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Paediatric orthopaedics

From infancy to adulthood, there is a strong emphasis on the proper development of the musculoskeletal system, as this is the stage in life is where most congenital or acquired musculoskeletal disorders can be fully and effectively corrected.

This is when the bones are built, ossification takes place, which gives the body’s skeletal system, therefore, early detection and healing will prevent musculoskeletal problems in adulthood. The task of paediatric orthopaedics is the timely recognition and effective treatment of lesions of these motoric and supporting organs, bones, joints, vertebrae, muscles and the soft parts around them.

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Changes related to lesions in the musculoskeletal system and growth are very rarely accompanied by pain, therefore the parents have a particularly important role to play when it comes to recognition. It is important that they know and notice in time the warning signs that indicate a musculoskeletal problem, and that the child is involved in all mandatory screening tests. Our trained paediatric orthopaedists, after a thorough examination, provide the parent with useful advice in addition to the most appropriate therapy.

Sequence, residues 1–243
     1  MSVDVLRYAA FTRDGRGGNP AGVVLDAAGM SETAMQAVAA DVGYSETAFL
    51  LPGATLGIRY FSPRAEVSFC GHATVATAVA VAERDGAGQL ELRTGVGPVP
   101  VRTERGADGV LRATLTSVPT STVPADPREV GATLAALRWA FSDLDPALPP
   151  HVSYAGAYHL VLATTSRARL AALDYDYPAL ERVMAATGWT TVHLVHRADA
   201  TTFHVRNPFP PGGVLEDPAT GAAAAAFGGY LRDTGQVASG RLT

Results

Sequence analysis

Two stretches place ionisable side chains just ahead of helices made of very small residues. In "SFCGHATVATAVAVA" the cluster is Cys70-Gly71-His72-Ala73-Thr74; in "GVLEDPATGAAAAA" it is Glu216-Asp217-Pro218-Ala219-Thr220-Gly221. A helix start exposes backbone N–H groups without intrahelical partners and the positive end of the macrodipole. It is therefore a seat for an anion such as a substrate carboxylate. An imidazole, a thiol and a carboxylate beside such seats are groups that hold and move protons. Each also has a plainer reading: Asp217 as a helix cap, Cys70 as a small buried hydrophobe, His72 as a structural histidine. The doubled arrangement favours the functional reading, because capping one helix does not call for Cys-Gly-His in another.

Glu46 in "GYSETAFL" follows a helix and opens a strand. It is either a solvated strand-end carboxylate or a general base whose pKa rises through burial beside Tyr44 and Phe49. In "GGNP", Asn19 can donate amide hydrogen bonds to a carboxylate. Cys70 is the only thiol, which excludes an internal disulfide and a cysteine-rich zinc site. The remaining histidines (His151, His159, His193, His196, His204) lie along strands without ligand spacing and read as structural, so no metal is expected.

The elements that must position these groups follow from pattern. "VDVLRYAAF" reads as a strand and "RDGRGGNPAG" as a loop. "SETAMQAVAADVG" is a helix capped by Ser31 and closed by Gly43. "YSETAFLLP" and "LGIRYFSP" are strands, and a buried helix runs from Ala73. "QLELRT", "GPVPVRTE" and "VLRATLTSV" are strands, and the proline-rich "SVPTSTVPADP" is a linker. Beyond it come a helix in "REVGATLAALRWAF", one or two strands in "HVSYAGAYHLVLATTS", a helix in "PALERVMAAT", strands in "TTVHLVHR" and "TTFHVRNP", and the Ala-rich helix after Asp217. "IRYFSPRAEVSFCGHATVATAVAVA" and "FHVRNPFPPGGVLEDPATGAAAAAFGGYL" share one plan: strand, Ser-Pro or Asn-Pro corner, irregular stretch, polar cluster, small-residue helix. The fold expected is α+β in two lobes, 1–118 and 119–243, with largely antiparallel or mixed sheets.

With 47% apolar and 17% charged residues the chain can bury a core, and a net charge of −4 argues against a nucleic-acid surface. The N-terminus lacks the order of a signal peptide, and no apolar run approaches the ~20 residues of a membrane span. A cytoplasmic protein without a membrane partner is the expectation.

In case of which complaints is it worth visiting a paediatric orthopaedist?

If your child has any of the following abnormalities or dysfunctions, you and your child should visit a paediatric orthopaedic clinic:

  • cervical muscle stiffness
  • abnormal posture
  • abnormal foot posture
  • plantar pain
  • narrowed range of motion of hands and feet
  • infants if they do not turn or start climbing for a long time
  • sideway curvature of the spine (scoliosis)
  • humpback, protruding abdomen
  • back and/or lower back pain

What are the most common orthopaedic complaints of children?

During a child’s development, each stage of development has orthopaedic problems specific to that age. These need special attention in terms of prevention as well as effective treatment.